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Over the last several decades, there has been a warming trend in nighttime temperatures, which is slowly becoming a bigger problem for farmers in the Midwest. On very hot and dry nights, plants have significant difficulty respiring and are at a heightened risk of damage if these hot, dry nights occur over several consecutive days.
Source: Google Images - Pixbay
As recently as last year, research articles were published describing the impacts of drought and heat stress. In summary, the linked article explains that with warming temperatures, crops are at risk for heat stress damage. Advances in genetic approaches have limited the potential damage, but the authors admit that despite "major advances in the genetic approaches such as QTL mapping and transgenic approaches, there is still a big room for improvement." Furthermore, they state that the damage done strongly relates to both the type and stage of development of crops. Clearly, there is a correlation between overnight heat stress and crop growth/yields.
Source: Innovation Weather, LLC
By way of disclosure, I'm part of a startup company with a focus on mitigating weather risk called Innovation Weather, LLC. We have recently developed a tool to better understand overnight heat stress on summertime crops. Coined the CDI (Crop Degradation Index), we developed an algorithm to detect areas across the continent where certain crops are likely to experience overnight heat stress. The tool was designed to be crop dependent, as certain crops, such as soybeans, are more tolerant to heat stress than wheat. A forecast is made each hour and goes out 24 hours in the future. Whenever the criteria for the respective crop is met in a given location, that location then receives a "point" for that hour. Points are added up during the course of the night, until the sun begins to rise and counting stops.
Currently, the CDI-Wheat is near zero for almost the entirety of the wheat growing areas in Texas. In other words, during the evening of May 22-23, the conditions for CDI-Wheat are not met anywhere, with the exception of a few highly isolated locations for only one hour. Why does this matter? For starters, as of May 20, the USDA reported that 93% of Texas winter wheat was still in heading. Much of the wheat (88%) has yet to be harvested and is still vulnerable to damage. Additionally, the USDA revealed in the same report that much of topsoil moisture in the winter wheat growing areas of Texas are "very short" (i.e., dry), indicating that its already been a dry start to summer there.
Source: Innovation Weather, LLC
Taking into account both the current conditions (dry), and the forecast for little-to-no overnight heat stress into the morning of the 23rd, there is not much concern to be had during the next 24 hours. It will be important to follow trends in the CDI for the next several days, as this will provide an insight into short- and medium-range commodity trading. Furthermore, there is a chance for isolated thunderstorms over the next two days. These events need to be monitored carefully as well, because their spatial and temporal extents will play a major role in moisture (or lack thereof) in the region.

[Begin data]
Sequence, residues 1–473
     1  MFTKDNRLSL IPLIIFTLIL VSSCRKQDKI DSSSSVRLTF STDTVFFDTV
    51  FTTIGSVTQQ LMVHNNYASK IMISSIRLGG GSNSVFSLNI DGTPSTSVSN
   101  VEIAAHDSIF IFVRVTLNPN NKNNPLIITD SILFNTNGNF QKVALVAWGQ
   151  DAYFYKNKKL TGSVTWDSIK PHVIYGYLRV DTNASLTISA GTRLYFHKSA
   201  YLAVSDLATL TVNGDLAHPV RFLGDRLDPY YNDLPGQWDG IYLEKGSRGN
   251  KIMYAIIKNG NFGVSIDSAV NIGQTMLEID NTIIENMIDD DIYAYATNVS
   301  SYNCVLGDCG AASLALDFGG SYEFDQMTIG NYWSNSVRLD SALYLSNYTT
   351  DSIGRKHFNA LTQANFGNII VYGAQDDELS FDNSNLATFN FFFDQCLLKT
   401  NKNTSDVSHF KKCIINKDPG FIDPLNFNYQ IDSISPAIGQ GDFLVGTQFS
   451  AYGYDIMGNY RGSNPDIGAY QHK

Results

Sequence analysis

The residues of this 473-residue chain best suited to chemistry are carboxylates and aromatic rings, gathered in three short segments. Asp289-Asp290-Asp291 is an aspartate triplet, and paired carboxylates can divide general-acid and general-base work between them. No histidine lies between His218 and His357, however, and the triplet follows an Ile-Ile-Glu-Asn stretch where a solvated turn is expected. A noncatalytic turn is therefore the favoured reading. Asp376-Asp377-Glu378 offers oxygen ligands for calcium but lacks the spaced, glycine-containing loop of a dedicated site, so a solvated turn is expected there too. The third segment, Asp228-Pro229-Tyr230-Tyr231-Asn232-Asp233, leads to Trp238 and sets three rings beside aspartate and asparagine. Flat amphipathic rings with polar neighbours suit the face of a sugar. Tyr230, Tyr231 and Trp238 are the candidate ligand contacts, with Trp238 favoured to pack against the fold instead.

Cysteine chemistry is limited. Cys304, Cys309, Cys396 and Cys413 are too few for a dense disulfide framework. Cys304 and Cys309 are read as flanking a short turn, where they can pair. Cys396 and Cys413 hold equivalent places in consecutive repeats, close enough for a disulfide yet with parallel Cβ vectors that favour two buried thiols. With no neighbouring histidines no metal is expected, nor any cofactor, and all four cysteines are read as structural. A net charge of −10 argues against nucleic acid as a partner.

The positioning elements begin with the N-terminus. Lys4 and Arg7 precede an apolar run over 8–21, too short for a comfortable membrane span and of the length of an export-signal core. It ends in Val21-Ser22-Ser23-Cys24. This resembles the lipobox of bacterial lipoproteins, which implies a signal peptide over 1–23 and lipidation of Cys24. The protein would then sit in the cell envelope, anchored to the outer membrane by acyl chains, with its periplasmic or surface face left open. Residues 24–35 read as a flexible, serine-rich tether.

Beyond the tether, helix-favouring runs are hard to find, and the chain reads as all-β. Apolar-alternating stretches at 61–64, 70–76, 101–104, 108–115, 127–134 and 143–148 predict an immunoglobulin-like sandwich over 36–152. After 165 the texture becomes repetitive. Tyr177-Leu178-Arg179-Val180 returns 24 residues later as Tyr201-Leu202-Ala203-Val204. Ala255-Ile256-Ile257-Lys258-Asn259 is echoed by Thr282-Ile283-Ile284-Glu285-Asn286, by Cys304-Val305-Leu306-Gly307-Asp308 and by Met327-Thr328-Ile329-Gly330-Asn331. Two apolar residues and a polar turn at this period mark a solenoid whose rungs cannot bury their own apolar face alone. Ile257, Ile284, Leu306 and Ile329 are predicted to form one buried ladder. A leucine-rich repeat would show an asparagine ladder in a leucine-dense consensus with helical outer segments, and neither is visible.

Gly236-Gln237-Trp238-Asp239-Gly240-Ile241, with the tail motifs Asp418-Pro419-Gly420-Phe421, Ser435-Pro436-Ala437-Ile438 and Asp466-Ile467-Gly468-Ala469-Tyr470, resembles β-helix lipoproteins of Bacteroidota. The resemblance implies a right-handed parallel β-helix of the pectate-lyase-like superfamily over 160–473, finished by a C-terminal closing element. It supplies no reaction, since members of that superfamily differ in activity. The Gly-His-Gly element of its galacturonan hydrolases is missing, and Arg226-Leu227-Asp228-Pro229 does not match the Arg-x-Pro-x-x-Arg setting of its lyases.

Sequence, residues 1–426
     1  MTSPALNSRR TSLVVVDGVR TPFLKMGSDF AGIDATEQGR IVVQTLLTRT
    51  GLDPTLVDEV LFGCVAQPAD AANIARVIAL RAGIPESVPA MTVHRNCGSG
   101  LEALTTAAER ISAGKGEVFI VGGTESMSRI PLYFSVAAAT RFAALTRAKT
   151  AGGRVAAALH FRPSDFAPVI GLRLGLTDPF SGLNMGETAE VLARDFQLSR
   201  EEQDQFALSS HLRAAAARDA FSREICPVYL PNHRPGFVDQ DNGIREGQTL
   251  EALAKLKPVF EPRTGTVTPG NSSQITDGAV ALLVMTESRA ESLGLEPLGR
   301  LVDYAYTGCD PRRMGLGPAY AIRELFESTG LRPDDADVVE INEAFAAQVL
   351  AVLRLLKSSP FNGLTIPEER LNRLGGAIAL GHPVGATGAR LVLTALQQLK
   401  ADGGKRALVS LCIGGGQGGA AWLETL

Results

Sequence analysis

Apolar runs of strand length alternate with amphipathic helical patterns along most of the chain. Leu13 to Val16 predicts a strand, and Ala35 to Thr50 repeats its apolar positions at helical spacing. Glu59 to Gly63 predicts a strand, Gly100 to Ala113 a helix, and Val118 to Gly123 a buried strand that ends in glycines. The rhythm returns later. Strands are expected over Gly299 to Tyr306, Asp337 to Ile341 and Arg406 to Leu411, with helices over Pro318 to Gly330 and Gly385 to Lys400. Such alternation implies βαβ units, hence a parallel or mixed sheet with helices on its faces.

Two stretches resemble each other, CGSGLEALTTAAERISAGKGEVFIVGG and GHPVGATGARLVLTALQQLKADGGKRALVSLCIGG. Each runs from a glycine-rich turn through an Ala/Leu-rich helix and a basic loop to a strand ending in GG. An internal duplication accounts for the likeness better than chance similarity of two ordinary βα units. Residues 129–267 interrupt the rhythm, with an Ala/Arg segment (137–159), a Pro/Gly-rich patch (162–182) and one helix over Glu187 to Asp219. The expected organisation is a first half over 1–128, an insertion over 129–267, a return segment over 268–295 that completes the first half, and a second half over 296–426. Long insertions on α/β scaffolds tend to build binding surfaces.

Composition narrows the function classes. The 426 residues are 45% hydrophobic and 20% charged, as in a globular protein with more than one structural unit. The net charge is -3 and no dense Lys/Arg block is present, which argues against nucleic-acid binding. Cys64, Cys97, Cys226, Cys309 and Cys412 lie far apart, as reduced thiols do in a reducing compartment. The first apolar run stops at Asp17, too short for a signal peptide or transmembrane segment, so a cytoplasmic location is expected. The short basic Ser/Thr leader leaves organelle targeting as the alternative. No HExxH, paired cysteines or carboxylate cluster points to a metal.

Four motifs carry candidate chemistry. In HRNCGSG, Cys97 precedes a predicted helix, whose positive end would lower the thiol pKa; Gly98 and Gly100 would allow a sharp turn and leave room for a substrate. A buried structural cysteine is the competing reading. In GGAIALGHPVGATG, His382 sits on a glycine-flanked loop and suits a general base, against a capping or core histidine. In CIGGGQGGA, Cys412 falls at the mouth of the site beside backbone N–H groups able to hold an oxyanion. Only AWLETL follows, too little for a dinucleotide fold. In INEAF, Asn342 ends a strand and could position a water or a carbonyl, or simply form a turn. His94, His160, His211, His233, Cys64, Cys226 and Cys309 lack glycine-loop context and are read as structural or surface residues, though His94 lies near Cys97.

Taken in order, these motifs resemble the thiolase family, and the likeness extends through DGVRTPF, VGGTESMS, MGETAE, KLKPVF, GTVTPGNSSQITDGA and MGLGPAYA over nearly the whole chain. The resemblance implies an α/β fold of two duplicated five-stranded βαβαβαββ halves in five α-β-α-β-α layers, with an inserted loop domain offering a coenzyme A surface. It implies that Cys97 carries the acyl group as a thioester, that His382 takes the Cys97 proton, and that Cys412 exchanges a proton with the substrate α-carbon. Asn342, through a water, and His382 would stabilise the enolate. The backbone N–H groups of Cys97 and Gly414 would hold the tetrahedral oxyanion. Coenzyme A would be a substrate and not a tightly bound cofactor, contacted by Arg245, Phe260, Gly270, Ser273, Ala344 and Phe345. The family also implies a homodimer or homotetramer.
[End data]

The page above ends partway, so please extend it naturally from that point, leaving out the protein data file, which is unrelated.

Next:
Overall, a wise position for both the HRW Wheat futures market and for the Teucrium Wheat Fund (WEAT) would be hold to slightly long. Current and future weather trends indicate that dry and hot weather will continue, but the chance of rain in the next 72 hours will play a critical role in alleviating possible heat stress. Rainfall would return moisture to the region, which would allow for a return to normal conditions, thus preventing/limiting the threat for overnight heat stress. Last week (May 18) heavy thunderstorms did in fact soak parts of the region, where upwards of two inches of rain fell.
Source: National Weather Service
While this is certainly helpful, much of the wheat growing regions along the Texas-New Mexico border failed to see any rain, which is critical because a significant amount of Texas wheat is grown in this area of the state. Additionally, over the last week, Texas has seen below normal rainfall. Long-term weather trends suggest that this region of Texas will see increasingly warm weather over the next four to eight days. If dry weather continues, we would suggest taking a much longer position. If rain does in fact fall in western Texas, we would suggest going back to neutral.
As we approach the summer months, the focus will shift north to Oklahoma and Kansas, as harvesting of wheat in Texas is getting under way. Lastly, we recommend a hold for Teucrium Corn ETF (CORN). The corn crop, relative to wheat, is resistant to overnight heat stress. Additionally, temperatures in the corn belt are expected to remain cooler than in Texas. Therefore, we do not see CDI as being a fundamental factor in trading CORN futures, funds, etc.
Disclosure: I/we have no positions in any stocks mentioned, and no plans to initiate any positions within the next 72 hours. I wrote this article myself, and it expresses my own opinions. I am not receiving compensation for it (other than from Seeking Alpha). I have no business relationship with any company whose stock is mentioned in this article.